Cool weather, pesky showers across the Midwest...
Across the Corn Belt, cool weather and pesky clouds and showers linger from Wisconsin and Illinois eastward. Meanwhile, planting activities continue in the western Corn Belt, although rain showers are edging into eastern Nebraska.
On the Plains, a narrow band of rain stretches from eastern Montana to northeastern Oklahoma. Dry conditions persist, however, on the southern High Plains, where wildfires remain a threat.
In the South, cool, mostly dry weather favors fieldwork. Early today, the Mississippi River crest is between Greenville and Vicksburg, Mississippi. The river at Vicksburg is more than 14 feet above flood stage, at a record-high level, and rising. Water diversions from the Mississippi River continue in Louisiana, using the Bonnet Carré Spillway (94% open) and the Morganza Floodway (12% open).
In the West, a few showers linger across California, while widespread rain and snow showers are affecting the Great Basin and the Intermountain region. Crop development and fieldwork activities are being delayed by cool damp conditions, especially in California and the Northwest.
A slow-moving storm will drift northward along the Atlantic Seaboard, exiting the East Coast by Saturday. Additional rainfall could total 1 to 2 inches from the northern Mid-Atlantic States into southern New England.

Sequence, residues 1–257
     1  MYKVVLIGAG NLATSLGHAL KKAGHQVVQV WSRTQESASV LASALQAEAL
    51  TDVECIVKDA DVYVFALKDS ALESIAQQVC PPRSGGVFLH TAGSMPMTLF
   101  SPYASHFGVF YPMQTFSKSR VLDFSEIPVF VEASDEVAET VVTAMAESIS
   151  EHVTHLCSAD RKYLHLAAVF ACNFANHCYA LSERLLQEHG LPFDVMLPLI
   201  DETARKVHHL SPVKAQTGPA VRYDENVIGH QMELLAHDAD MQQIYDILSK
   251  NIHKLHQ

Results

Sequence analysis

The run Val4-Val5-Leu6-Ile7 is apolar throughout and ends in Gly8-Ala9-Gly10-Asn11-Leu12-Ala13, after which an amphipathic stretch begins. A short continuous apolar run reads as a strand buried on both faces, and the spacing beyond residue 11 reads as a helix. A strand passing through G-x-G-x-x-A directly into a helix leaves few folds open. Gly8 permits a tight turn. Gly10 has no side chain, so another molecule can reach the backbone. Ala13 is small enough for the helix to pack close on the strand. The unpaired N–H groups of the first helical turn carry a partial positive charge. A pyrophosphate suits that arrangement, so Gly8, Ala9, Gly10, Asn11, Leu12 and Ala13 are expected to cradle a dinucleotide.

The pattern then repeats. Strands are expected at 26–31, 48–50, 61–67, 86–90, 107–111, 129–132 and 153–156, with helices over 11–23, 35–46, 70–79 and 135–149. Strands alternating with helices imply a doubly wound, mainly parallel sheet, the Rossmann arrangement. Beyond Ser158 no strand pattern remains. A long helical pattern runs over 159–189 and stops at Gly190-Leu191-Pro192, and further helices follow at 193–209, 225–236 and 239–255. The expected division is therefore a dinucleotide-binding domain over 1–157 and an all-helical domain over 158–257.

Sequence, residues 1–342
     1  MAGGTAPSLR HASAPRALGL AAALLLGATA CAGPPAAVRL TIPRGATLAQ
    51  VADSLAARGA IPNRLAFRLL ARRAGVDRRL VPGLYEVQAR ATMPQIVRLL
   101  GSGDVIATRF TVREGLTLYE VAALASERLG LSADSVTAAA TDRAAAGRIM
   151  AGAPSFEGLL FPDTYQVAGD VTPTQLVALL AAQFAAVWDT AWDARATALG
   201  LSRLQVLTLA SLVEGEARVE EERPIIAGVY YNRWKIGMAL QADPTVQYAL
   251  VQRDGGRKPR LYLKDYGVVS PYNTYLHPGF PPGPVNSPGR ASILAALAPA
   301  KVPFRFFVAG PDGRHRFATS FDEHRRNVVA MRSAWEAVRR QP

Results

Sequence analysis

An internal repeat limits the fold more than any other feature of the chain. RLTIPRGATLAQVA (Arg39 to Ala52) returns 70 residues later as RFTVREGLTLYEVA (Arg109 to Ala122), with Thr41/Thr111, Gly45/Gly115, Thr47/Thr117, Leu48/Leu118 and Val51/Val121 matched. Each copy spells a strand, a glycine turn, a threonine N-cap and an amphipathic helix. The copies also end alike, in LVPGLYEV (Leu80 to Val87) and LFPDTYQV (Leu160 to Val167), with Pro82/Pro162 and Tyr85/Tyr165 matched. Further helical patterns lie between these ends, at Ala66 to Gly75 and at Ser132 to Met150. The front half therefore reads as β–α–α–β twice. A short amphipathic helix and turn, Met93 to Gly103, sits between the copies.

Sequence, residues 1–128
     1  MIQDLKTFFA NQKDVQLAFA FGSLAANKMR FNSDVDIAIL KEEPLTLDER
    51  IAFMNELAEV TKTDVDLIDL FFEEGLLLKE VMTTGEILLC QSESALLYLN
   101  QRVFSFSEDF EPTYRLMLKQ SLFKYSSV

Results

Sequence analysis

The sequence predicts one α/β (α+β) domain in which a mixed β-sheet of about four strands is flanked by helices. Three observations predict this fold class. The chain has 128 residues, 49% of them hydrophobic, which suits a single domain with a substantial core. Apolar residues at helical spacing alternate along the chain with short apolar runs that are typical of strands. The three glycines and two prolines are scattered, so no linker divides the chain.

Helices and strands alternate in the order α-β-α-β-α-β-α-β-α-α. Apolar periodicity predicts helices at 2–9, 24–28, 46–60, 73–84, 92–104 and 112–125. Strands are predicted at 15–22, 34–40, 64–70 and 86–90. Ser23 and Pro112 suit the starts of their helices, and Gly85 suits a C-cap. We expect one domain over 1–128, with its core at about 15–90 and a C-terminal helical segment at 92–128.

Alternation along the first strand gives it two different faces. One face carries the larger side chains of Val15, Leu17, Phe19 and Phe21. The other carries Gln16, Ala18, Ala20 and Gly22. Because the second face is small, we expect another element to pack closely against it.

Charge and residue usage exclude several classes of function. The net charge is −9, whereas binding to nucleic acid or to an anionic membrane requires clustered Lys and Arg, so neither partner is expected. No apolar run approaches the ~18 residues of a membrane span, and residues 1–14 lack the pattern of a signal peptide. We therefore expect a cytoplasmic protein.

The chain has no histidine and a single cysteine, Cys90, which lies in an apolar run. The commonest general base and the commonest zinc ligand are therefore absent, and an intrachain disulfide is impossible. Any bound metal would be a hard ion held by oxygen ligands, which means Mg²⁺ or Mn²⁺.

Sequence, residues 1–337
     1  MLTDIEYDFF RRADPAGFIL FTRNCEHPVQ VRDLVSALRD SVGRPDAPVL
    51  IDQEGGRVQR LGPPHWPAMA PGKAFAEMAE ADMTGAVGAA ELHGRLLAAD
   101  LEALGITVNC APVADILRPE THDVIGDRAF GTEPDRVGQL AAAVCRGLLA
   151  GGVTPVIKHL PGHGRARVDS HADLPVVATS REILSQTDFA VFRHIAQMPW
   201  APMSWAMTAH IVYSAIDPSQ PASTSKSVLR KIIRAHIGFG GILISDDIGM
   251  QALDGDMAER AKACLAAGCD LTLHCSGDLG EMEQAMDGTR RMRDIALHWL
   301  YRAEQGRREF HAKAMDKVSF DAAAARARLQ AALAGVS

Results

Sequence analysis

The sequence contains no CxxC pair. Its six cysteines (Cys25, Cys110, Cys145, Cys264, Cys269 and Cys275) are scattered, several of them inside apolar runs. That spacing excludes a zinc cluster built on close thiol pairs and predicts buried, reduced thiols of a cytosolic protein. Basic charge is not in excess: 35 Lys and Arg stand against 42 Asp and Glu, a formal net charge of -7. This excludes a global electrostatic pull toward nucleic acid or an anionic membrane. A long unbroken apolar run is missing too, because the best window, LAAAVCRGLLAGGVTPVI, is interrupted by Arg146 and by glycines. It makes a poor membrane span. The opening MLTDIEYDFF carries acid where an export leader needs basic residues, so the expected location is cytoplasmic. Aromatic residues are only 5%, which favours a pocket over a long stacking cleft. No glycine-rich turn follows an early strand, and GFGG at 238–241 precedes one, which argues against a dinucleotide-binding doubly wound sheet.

Meanwhile, a low-pressure system over the Intermountain West will lift northeastward, reaching the northern Plains and the upper Midwest during the weekend. Rainfall totals of 2 to 4 inches may occur across the nation’s mid-section, excluding the drought-parched southern High Plains.
Cool weather will linger in the West, but warmth will gradually return to the eastern half of the U.S.
Looking ahead, the 6- to 10-day outlook calls for warmer-than-normal weather across the South, East, and lower Midwest, while near- to below-normal temperatures will prevail north and west of a line from the southern High Plains to Wisconsin. Meanwhile, above-normal precipitation from the Northwest to the Midwest will contrast with drier-than-normal conditions across the nation’s southern tier.